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Micro and nanoplastics not absorbed by plant cells, but do attach to the root cap

Like a toxic Trojan horse, microplastics can act as hot pockets of contaminant transport. But, can microplastics get into plant cells? Recent research shows that they can't. 

Over the last decade, scientists have been scrambling to understand the impacts of microplastics. With the breakdown of plastic bottles, washing the world’s seven billion fleece jackets, or the microbeads in face cleansers, microplastics are piling up. How they affect living things like plants is still unclear.

In soil, plastics have the potential to cause problems at the chemical level. Like a magnetic attraction, contaminants can bind to plastics, resulting in toxic accumulation. Contaminants can also hitch a free ride on plastics and potentially make their way into plants. But first, researchers need to know if microplastics—or their even smaller offspring called nanoplastics—can get into plant cells in the first place.

Here’s some good news: they don’t, according to a recent study from Pacific Northwest National Laboratory (PNNL) and Washington State University (WSU). However, microplastics do accumulate on the tips of roots, which could bode well for future cleanup of contaminated environments, but not well for root crops, like carrots.

Micro- and nanoplastics were not absorbed by plant cells but did accumulate on the tips of roots, which could bode well for future clean-ups of contaminated environments but not for root crops. (Graphic by Rose Perry | Pacific Northwest National Laboratory) 

Trojan horse for microplastics in plants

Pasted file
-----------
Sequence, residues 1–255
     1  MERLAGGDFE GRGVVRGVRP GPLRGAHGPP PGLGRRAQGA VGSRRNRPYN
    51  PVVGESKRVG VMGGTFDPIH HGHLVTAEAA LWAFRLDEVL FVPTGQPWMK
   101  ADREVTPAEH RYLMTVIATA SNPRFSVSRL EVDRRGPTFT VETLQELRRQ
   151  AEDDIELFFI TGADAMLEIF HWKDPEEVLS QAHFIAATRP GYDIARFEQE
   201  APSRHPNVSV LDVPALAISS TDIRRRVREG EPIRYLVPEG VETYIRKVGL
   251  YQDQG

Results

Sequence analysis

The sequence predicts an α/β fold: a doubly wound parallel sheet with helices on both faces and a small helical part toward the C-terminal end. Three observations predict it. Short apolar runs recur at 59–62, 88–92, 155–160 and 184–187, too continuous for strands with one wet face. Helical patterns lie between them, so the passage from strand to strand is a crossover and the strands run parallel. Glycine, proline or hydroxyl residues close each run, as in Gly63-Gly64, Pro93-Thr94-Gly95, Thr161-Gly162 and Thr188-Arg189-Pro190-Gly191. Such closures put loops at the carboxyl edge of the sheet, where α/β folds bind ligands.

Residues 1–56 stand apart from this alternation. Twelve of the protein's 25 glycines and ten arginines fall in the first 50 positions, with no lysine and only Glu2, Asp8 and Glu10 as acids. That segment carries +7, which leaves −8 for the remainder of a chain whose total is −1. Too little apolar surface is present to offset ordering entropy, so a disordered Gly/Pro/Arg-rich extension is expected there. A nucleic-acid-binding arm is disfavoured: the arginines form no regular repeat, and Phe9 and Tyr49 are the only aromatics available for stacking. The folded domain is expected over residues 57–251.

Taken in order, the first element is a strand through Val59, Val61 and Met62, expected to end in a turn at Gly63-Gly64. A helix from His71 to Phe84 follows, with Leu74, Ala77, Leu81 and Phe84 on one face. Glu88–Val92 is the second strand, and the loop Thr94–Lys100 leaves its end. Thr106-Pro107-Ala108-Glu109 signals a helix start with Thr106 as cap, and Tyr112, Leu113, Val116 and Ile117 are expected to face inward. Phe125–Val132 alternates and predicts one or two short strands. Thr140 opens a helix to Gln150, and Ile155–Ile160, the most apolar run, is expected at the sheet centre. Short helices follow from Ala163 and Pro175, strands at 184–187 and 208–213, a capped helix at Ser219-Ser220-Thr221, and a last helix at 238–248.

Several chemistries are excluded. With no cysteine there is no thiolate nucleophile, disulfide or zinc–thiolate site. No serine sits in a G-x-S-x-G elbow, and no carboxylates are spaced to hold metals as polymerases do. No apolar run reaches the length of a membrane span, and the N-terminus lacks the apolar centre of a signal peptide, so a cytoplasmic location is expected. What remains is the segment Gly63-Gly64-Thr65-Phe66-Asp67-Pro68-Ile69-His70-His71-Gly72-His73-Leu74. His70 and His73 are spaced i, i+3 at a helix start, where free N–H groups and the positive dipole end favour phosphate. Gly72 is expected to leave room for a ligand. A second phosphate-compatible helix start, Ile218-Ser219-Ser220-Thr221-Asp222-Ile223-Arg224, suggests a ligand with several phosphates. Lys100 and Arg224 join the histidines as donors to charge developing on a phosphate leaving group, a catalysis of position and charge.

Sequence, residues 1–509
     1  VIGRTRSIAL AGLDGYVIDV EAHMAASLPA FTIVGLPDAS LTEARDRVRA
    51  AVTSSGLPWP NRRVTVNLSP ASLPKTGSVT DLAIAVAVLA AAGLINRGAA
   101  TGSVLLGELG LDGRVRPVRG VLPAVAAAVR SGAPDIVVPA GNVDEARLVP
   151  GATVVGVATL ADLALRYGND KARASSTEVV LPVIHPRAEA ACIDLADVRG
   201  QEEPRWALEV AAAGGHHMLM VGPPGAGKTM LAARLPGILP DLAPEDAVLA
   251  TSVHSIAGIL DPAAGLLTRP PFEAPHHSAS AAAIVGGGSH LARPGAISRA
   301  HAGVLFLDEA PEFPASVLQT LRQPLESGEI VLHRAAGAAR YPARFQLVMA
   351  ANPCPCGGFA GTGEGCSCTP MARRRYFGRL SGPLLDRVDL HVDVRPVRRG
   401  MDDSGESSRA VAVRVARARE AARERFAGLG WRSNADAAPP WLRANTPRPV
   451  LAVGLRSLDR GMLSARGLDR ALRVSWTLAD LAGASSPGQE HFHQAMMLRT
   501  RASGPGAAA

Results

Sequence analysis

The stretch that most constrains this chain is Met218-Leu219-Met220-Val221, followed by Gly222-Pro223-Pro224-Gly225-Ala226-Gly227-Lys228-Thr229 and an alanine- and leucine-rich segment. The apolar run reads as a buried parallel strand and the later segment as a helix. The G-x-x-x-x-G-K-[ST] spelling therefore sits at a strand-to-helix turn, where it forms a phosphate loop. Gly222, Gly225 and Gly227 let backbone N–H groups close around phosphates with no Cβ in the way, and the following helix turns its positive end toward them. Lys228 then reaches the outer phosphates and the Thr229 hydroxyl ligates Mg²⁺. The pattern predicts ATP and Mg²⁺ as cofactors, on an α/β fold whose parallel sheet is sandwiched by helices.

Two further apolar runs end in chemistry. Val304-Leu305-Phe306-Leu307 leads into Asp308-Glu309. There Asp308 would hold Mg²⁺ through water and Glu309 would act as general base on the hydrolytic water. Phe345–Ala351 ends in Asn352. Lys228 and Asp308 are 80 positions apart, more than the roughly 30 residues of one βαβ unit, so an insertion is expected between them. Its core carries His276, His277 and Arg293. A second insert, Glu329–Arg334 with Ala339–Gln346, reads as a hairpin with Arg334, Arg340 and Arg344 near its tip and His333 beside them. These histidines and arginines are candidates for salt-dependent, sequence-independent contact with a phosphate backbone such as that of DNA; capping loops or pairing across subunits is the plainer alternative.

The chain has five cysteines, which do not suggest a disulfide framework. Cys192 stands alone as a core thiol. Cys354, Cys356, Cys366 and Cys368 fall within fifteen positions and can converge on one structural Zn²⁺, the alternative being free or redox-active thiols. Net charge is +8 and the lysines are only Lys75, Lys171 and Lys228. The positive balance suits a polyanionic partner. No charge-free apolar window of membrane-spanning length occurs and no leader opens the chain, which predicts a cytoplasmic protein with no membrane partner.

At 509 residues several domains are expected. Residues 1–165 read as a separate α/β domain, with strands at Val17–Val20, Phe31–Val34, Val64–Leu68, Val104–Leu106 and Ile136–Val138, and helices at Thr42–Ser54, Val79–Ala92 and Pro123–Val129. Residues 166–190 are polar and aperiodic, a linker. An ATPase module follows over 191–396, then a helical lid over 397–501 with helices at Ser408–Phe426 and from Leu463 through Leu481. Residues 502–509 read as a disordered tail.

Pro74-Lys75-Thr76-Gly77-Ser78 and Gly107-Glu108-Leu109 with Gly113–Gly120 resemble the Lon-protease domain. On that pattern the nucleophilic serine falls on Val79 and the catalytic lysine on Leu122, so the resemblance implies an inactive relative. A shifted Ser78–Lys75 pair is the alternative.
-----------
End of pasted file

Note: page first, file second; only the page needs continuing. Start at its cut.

Microplastics are a global issue. Particles have been found in all corners of the Earth—from remote mountain tops to the ocean depths. Over the past decade, the bulk of microplastics research has skewed toward aquatic environments, which is ironic because more microplastics have been found on land.

"To understand issues with nano and microplastics in plants, we have to really understand what’s happening at the chemical and cellular level,” said study co-author Carolyn Pearce, a geochemist at PNNL with a joint appointment in WSU’s Department of Crop and Soil Sciences.

Like a toxic Trojan horse, microplastics can act as hot pockets of contaminant transport. They bind with and accumulate soil contaminants, such as long-lived polychlorinated biphenyls (PCBs). PCBs have been linked to cancer—production was banned in 1970, but they still linger in the environment. The result? A potential free ride into organisms and, perhaps, up the food chain.

The first step to testing the toxic Trojan horse theory is to see if microplastics can even enter plant cells in the first place. “We looked at where they might accumulate on plants, what materials attach, and how they concentrate,” said Pearce.

Size matters when it comes to microplastics in plants
Not all microplastics are created equally. They can be as large as a pencil eraser or as small as a bacteria. Nanoplastics are tiny and are 100 times smaller than a plant cell. At that size, it’s easy to imagine how plants could absorb plastic particles, but there are size limits regarding what passes through cell walls.

Generally, healthy adult plants only absorb materials 3–4 nanometers in size, which is even smaller than a virus. Some studies have shown that plants can absorb nanoparticles that are 10–12 times larger than that, up to 40–50 nanometers. While small particles pass through, the big question is—do plastics?

 

Read the results of the research at PNNL.gov.


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